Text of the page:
However, the atrocities don't stop there. The next character we meet is Lumia, Ethan's little sister. It's interesting to note that the last time a main character had a sibling in a Phantasy Star game, which was the case in Phantasy Star 1, he (Nero Landale) died within the first 5 minutes of the game, which gave the game's heroine her motivation for undertaking her grand quest in the first place. Maybe Lumia is nostalgia in disguise, as I certainly wanted to see her shot out of an airlock within the first 5 minutes of Phantasy Star Universe. Again it seems the game is borrowing from anime cliches. Note to the script writers: "annoying little sibling" characters are not endearing or funny. They are, as their stereotype so plainly states, annoying. The one possible plot point that could have salvaged Lumia, which is her desire to join the GUARDIANS late in the game, was thrown away when she found out that boo-hoo, she wasn't old enough. So rather than showing the main character's sister undergoing the same hardships and tribulations that the main character did, a plot element that if done correctly would have enriched both Ethan and Lumia's characters and provided some nice full-circle development, we're instead treated to a despondent little girl who bemoans the cruelty of her youth, and then cheers right back up with a few "inspiring" sentences from big brother. It's unpleasantly reminiscent of the kid who's too short to ride a roller-coaster at a theme park, and then transitions (as only kids can do) from crying to cheering when promised cotton candy.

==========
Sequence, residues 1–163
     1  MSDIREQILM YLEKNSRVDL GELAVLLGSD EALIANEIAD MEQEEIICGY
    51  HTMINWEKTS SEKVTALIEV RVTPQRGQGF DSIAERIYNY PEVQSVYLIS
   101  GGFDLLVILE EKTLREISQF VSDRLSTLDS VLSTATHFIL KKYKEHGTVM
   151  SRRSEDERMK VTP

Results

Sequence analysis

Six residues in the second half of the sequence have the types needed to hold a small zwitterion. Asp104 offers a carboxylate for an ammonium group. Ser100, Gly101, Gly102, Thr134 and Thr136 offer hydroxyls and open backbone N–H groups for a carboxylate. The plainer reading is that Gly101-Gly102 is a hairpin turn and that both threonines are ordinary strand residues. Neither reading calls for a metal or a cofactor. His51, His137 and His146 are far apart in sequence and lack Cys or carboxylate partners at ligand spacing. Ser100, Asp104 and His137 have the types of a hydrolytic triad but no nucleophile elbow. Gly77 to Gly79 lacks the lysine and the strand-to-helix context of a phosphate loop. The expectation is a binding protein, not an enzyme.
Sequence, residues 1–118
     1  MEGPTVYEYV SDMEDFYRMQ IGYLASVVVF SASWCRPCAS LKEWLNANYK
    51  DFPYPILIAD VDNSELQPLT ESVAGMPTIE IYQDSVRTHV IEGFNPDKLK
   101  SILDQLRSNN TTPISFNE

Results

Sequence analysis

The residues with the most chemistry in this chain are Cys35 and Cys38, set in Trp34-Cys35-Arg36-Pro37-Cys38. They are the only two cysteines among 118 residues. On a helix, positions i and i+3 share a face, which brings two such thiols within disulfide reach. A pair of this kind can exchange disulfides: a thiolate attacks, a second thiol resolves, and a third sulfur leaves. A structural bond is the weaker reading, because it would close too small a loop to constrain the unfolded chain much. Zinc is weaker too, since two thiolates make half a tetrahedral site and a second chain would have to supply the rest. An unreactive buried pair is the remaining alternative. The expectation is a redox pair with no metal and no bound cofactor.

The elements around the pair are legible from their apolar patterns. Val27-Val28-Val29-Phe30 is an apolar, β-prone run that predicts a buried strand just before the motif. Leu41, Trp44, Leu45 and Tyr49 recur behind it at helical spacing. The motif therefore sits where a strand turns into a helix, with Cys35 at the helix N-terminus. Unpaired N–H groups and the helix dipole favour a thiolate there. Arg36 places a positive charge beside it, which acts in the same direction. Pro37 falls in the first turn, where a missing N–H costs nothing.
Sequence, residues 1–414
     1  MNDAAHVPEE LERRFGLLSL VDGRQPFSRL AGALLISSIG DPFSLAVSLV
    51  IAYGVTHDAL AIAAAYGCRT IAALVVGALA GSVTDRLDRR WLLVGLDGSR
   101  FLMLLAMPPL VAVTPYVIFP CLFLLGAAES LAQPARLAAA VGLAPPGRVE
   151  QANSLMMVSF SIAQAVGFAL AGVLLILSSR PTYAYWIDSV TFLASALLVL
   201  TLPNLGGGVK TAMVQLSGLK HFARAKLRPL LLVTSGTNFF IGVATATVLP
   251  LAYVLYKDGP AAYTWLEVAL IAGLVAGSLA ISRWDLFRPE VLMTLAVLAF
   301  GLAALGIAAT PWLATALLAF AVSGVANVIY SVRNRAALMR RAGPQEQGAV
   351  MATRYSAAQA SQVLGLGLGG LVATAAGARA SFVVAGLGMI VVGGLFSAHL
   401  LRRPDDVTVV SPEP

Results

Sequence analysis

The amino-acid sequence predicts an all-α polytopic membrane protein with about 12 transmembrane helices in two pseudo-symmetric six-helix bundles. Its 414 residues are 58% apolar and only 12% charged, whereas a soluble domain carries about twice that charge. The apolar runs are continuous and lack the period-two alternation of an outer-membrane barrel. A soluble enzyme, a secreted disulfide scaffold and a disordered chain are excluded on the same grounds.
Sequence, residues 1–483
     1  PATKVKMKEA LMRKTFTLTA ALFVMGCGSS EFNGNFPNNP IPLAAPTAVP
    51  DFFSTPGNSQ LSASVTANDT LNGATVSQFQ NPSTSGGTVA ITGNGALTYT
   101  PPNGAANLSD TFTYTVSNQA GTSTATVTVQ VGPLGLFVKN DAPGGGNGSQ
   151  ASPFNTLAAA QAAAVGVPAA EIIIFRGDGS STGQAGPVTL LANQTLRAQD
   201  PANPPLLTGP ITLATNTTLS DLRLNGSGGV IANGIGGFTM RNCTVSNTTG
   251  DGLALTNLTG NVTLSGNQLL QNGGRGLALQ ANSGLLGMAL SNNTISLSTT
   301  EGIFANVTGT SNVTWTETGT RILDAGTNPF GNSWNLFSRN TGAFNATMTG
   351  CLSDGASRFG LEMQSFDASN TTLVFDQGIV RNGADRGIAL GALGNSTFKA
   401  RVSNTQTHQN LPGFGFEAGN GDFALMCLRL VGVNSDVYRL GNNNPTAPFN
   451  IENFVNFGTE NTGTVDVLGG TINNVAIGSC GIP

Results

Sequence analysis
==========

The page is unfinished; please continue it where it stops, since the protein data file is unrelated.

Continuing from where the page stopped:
After Lumia, we're "treated" to Ethan's friend Hyuga, whom I suspect to be a veiled nod to Hugh of PS2, but who is far more pompous and pigheaded than the scholarly biologist who accompanied Rolf in his quest to defeat Mother Brain in A.W. 1284. Part socially-inept dreamer and part womanizer with a dash of pedophile thrown in for good measure (I wish I were making this up, but the man starts putting the moves on Lumia when he's visibly 10 years her senior, another plot point that inexplicably vanishes 3 hours later into the game), Hyuga is intended to be a somber counterpoint to Ethan's exuberance. To those who are familiar with the medical drama "House M.D.," Hyuga plays the game's version of Dr. Chase to Ethan's (considerably more whiny, though I didn't think it possible) Allison Cameron. A pity that there was no suitable version of Greg House himself to slap them both around in an hour-long cutscene.